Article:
Listen to the idols

The sculptures in Egmore Museum date back to several dynasties who rul.ed the stateA recent walk by Sahapedia and Prastara decoded the  symbolism in them


Published: 26th March 2018 10:28 PM  |   Last Updated: 27th March 2018 04:21 AM   |  A+A-

Thirty five history enthusiasts assembled at the Egmore museum, recently, for a guided heritage walk

Express News Service

CHENNAI:Lining the walls of high rise buildings at Government Museum, Egmore, were sculptures that looked faintly familiar to some of us. We had visited the museum during a college trip or family tour; and soon realised we barely knew the history behind the icons and inscriptions. We were 35 history enthusiasts, young and old, who had assembled at the entrance of the museum, recently, for a guided heritage walk. It was curated by organisations Sahapedia and Prastara. Jayakumar S, founder, managing trustee, Prastara, was our guide.

At 10 am, we headed to the stone museum, to delve into histories of the earliest granite structures from Pallava and Chola periods. Shiva’s form was that of a dwarapalaka (gate-keeper), and Vishnu sat majestically in sukasana position. Placing this in the context of early Pallava era, Jayakumar explained, “There was a divinity to the security that Shiva represented. And this era’s iconography was characterised by a certain realness, as structures look almost like human forms.”

And this was starkly different from the next set of granite structures from the early Chola period (850-1100 AD). Shiva, similar to certain depictions of Rama, had a bow and arrow, and highly stylised ornaments. “Our earliest temple structures are from this period. And it only transitions to more stylisations and intricate carvings in the following eras,” said Jayakumar.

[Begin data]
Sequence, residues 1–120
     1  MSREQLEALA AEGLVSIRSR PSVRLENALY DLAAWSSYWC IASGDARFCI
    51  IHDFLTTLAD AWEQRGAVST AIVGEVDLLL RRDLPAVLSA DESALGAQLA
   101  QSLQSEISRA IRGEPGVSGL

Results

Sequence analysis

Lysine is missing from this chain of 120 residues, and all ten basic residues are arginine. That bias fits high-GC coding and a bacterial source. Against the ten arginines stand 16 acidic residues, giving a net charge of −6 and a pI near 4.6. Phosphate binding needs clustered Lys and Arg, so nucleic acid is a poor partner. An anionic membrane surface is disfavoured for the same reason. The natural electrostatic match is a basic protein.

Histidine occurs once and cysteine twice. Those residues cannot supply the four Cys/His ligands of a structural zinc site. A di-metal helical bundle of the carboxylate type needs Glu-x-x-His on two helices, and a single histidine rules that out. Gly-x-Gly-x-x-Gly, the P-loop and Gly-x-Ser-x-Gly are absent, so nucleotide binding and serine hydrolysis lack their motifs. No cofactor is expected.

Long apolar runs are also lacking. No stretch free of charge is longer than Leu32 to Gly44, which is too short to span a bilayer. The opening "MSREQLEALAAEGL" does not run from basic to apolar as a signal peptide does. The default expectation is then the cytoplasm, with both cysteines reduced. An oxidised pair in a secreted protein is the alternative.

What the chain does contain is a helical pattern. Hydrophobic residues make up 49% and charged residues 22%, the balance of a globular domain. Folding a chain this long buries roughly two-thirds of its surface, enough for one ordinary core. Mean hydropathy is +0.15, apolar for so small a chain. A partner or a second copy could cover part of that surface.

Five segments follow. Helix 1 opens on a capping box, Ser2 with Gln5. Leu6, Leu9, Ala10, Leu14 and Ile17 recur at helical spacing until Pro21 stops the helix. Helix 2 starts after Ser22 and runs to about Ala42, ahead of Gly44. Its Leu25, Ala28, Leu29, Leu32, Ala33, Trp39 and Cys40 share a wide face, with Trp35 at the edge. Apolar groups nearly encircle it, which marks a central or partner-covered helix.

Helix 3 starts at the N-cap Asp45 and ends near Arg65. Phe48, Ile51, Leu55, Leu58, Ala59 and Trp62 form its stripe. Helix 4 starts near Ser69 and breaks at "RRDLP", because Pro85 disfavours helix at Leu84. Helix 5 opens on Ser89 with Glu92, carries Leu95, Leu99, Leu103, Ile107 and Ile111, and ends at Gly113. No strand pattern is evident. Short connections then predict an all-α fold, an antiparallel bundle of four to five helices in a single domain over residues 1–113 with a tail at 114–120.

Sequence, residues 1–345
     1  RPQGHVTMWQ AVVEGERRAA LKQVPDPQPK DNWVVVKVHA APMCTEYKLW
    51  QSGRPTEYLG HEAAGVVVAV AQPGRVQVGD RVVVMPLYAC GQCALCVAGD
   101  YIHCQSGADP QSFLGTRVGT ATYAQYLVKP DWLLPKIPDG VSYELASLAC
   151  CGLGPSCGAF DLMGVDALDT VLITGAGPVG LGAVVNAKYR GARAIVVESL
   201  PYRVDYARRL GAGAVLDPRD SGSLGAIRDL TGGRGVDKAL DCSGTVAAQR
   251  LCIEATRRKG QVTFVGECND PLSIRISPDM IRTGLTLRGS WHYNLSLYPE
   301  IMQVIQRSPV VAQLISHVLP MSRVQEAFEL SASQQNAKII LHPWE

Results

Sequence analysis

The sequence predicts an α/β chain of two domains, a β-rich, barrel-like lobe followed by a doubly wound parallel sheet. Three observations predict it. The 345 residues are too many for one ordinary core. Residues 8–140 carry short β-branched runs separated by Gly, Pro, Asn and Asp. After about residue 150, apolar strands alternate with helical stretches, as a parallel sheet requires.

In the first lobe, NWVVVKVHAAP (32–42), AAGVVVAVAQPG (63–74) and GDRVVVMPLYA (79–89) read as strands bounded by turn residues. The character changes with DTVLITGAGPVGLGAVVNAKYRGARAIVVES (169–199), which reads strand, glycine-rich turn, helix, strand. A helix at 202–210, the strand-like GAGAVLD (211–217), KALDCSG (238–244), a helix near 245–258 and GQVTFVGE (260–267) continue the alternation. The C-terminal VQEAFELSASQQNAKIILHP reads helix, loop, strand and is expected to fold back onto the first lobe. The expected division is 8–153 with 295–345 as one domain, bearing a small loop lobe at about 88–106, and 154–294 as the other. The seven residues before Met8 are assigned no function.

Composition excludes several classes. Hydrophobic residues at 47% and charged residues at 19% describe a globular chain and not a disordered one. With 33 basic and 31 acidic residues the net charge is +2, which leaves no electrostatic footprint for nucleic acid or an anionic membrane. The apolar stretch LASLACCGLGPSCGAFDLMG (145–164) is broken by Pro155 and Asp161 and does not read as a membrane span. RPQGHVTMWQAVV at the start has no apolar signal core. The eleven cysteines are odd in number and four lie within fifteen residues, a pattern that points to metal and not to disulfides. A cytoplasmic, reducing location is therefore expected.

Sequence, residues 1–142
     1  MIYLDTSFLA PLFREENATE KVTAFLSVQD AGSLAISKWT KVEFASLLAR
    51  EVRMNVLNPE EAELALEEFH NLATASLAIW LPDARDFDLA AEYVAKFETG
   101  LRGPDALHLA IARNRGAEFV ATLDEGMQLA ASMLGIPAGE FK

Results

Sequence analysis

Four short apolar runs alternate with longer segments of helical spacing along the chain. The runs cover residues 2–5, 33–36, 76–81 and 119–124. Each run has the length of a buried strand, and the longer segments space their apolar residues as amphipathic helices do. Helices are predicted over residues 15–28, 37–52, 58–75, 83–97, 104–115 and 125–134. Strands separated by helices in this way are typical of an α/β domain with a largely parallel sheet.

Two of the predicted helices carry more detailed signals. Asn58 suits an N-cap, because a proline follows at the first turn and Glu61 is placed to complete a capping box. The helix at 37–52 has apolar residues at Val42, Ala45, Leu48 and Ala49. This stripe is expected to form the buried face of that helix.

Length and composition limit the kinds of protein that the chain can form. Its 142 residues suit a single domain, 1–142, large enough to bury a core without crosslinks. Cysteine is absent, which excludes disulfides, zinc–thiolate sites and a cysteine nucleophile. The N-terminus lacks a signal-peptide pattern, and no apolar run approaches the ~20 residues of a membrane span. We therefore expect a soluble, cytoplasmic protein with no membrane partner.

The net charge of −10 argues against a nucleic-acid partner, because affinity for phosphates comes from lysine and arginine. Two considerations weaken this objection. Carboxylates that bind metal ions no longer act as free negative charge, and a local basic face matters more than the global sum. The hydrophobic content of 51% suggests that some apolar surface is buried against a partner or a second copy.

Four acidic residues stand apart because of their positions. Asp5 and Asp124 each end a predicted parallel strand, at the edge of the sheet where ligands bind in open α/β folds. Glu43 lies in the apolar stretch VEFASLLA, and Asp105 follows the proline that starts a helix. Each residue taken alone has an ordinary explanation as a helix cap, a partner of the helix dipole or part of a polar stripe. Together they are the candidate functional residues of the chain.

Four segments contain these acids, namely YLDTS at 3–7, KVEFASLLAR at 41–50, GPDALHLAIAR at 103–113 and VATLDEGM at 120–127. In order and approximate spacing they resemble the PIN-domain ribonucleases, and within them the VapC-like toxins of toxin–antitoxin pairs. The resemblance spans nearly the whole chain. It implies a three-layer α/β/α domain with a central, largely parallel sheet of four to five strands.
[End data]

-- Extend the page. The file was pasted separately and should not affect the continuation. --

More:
He walked us through later Chola period, Vijayanagara period, and modern era — from 1600 AD to present day. The relevance of every intricacy in the structures was symbolically explained. And certain unusual depictions, like Muruga and Shiva sitting on an elephant, was even traced back to famous Thiruppugazh songs.    

One of the most striking sections was that of Naga structures, which Jayakumar said, was closely associated with South Indian gods and worship. “The intertwined snakes, commonly found under arasa maram (Peepal tree) in towns and villages, were made by extremely skilled craftsmen. It’s very hard to tell where the snakes begin and end,” he explained, referring to one of the icons.

Of sculptors and patronage

The walk was not structured chronologically. Amaravati art and sculptures, influenced by Buddhism in the region, was traced to over 600 years before Chola period. And striking mandalas or medallions were characteristic of art in these times.

Jayakumar insisted that art practices must be traced to a sculptor’s craftsmanship, and not to a period’s ‘style’. “The sculpture is offered to a king as patronage, but the style is influenced by a period’s landscape and political reality,” shared Jayakumar, adding that not all architecture schools teach this right, and a Pallava or Chola period is simply a classification of time.

Jayakumar’s work is also driven by the need to clarify and unlearn a European understanding of architecture. Referring to it as limiting, he said, “Only certain aspects of Indian symbolism gets covered in their interpretations. But unfortunately, it’s what is taught in most schools and history classes.”
He believes that only a comprehensive understanding, that lets us connect literature, art, music, and social landscapes of a period, is meaningful. “I come from Thiruvengadu, and neither me, nor my parents knew of the richness of its heritage until my recent interest in researching heritage. This is why such walks need to be taken to children, to make history both fun and relevant,” he shared.

Prastara’s heritage walks
April: Egmore
Museum — overview
May: Egmore Museum— Amaravati art
June: Mamallapuram walk
July: Kanchipuram walk

To know more about Prastara’s work or heritage walks in the city, visit:, or write to:

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